The government itself has found the early warning actions of the designated national authorities deficient and is talking of setting up workaround mechanisms. Nothing really new, other than sadness that seven years and large commitments of resources have not taken us much farther than we were back in 2004.
What is even more worrisome is the lack of knowledge among all the parties about the available modes of communicating early warnings. No mention of cell broadcasting that is capable of delivering location-specific tailored information to all mobile handsets within the range of a base transceiver station. The journalist has done a good job except for repeating misinformation about poor communication infrastructure and access in rural areas.
Pradeep Koddippilli, the DMC assistant director-in-charge of early warnings, told IPS that the centre had not received any warning from the meteorology department tasked with assessing dangerous weather events. “We kept contacting them repeatedly through the 25th, but there was no warning,” he said.
Despite the millions spent on setting up early warning towers and networks, a recent assessment by the U.N.’s Office for the Coordination of Humanitarian Affairs released in November said that the meteorology department, in fact, lacked the technical capacity to predict rainfall and fast moving weather patterns.
“The U.N. assessment confirms the technical capacity of the department of meteorology needs to be further developed in order to enable it to deliver reliable quantitative rain forecasts,” said the report titled ‘Disaster Response and Preparedness Assessment Mission to Sri Lanka’.
Experts told IPS that multiple dissemination systems are at the disposal of the DMC – ideal for a country where communication infrastructure is poor in rural areas.
In addition to the 67 warning towers set up island-wide, the DMC can also tap into the wide network of public officials at the village level, volunteers with the Sri Lanka Red Cross Society, secure satellite communications and, at least, one national mobile network to send out alerts.
“You cannot say what is the best system because each one has its own strengths and weaknesses. What is important is to have several systems to make sure vulnerable communities receive warnings in time,” Suranga Kahandawa, disaster management specialist at the World Bank, told IPS
The government’s own nationally and provincially representative Household Income and Expenditure Survey shows that more than 75 percent of households in the Southern Province (affected by the most recent early warning fiasco) have a telephone in the house (almost all being GSM and CDMA handsets capable of receiving cell broadcasts), clearly contradicting the claim of poor infrastructure in rural areas.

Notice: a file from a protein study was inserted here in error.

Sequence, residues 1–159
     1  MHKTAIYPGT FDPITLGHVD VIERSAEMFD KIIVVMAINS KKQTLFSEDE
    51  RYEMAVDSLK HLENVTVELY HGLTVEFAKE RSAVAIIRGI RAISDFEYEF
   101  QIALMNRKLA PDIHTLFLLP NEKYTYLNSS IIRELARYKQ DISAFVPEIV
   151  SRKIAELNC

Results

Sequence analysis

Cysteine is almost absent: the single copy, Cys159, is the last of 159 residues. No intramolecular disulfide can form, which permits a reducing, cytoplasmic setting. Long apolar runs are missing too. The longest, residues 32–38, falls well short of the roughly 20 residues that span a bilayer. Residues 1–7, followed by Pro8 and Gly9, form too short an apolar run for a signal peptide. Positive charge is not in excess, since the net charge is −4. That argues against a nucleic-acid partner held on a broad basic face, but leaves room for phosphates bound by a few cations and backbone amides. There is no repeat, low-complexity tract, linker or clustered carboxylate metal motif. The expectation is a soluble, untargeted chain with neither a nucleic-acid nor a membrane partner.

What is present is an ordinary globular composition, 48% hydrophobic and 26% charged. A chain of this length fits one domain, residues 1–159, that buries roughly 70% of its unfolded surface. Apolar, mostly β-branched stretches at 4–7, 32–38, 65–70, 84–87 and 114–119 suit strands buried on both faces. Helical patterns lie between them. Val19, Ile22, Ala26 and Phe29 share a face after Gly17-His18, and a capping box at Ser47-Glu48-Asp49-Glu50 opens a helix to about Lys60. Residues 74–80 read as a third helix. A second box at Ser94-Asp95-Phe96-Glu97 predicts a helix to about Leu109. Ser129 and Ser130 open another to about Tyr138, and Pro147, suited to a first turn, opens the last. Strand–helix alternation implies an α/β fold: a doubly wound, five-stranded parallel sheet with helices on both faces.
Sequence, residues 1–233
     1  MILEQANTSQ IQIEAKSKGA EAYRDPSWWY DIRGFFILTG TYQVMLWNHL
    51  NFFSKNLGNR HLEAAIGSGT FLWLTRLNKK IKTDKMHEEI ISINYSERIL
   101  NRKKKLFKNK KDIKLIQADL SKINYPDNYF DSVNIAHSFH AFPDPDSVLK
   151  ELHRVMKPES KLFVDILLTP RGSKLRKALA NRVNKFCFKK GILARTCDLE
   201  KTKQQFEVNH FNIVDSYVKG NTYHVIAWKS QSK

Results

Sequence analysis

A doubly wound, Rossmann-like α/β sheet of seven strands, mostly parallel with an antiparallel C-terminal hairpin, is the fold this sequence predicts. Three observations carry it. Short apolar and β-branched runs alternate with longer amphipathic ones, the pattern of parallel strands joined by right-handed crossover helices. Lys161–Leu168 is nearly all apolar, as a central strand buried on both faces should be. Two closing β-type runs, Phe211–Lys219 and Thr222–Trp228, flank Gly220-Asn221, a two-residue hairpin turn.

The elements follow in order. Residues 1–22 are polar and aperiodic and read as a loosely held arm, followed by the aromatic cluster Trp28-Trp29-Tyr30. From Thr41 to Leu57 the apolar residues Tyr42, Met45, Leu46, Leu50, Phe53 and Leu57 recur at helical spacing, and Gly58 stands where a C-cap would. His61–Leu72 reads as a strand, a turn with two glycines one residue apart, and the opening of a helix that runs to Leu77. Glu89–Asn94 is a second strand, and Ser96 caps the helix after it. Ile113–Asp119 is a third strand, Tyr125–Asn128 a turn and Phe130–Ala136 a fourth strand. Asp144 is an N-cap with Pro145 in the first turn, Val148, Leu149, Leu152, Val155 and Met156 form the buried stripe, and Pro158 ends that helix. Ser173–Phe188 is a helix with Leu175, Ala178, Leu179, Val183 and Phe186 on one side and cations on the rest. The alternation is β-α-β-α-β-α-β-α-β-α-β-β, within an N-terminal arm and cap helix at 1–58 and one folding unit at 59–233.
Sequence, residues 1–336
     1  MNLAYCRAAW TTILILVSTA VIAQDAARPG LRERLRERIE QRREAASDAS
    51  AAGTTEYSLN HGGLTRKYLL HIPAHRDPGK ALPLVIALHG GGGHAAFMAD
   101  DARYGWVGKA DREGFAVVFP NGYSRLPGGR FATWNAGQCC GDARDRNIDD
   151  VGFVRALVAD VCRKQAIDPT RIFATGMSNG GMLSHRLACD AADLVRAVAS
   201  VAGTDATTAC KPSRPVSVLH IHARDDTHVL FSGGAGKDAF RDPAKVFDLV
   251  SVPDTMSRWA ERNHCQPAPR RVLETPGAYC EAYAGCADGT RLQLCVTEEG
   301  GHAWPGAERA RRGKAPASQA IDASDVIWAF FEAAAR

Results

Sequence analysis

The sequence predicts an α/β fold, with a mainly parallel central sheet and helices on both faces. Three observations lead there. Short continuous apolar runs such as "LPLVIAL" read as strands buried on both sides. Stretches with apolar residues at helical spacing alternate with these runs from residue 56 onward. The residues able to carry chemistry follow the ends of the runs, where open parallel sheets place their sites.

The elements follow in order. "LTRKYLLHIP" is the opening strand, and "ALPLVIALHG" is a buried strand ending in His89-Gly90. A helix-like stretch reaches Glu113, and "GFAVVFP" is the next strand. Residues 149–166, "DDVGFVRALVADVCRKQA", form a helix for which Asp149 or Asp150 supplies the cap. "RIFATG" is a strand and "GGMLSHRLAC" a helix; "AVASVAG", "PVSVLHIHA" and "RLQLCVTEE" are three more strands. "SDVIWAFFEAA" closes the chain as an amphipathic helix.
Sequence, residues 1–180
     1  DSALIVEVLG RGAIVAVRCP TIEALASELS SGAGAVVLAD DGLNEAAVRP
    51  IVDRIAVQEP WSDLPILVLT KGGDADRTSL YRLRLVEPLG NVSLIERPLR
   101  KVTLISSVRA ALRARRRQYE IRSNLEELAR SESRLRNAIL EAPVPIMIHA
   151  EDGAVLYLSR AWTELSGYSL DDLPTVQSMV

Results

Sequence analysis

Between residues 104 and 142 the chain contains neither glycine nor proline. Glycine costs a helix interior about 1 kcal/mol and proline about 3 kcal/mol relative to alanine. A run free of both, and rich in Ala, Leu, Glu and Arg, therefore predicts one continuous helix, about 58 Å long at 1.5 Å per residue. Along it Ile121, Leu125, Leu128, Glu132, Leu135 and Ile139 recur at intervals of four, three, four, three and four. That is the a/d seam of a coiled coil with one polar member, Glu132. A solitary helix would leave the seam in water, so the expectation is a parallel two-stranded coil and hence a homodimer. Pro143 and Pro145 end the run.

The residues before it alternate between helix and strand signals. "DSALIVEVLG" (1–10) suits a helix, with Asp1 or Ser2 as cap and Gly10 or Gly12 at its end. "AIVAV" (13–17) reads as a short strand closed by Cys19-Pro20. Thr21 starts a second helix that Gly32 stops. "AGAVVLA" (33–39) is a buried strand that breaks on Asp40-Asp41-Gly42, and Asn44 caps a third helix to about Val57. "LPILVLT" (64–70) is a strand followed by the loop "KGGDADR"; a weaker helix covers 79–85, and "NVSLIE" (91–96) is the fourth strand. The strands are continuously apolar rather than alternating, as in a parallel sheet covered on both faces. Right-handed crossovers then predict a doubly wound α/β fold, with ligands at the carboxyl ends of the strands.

LIRNEasia’s Teleuse@BOP4 research (representative of those at the Bottom of the Pyramid; but not at the level of Province) showed that urban households has slightly higher (7%) ownership of phones, but that when it came to access to a phone within the household there was no difference between urban and rural households.
Doesn’t Sri Lanka receive alerts from the ITEWS (Indian Tsunami Early Warning System) from Hyderabad, India which is one of the three RTSPs (Regional Tsunami Service Provider) for the Indian Ocean Region, the other two being in Australia and Indonesia? The Early Warning System in Hyderabad is fully equipped to generate locale-specific bulletins- warning, alert, and watch – for the local administration to take action as per an SOP. They also do mock tsunami drills. There is perhaps a case for co-operation.
(a) The problem is not about tsunami alerts, but about alerts in general
(b) The problem is not the lack of information generated by hazard detection and monitoring systems (Sri Lanka gets this information from both the PTWC in Hawai’i and from Japan, and I’d bet they are faster than Hyderabad), but with converting that information into usable warnings and alerts.
Cooperation is always good, but one must get one’s house in order first.
LIRNEasia’ multidisciplinary work on disruptive innovation
Today, I delivered the keynote at the 9th International Conference on multidisciplinary approaches at the University of Sri Jayewardenepura. Here is on story that I told.
Learnings on disaster risk reduction in Sinhala
මූලික වශයෙන් ආපදා අවදානම අවම කිරීමේ වගකීම භාර ගත යුතු වන්නේ රජයයි. සුනාමිය ඉදිරියේ රජය අසරණ වුවද එම භූමිකාව පවරාගත හැකි වෙනත් ආයතනයක් නැති බව අපි එකල කීවෙමු.
(Research Report) Health-Related Information and COVID-19
Information collection (or data collection) is vital during an epidemic, especially for purposes such as contact tracing and quarantine monitoring. However, it also poses challenges such as keeping up with the spread of the infectious disease, and the need to protect personally identifiable information.
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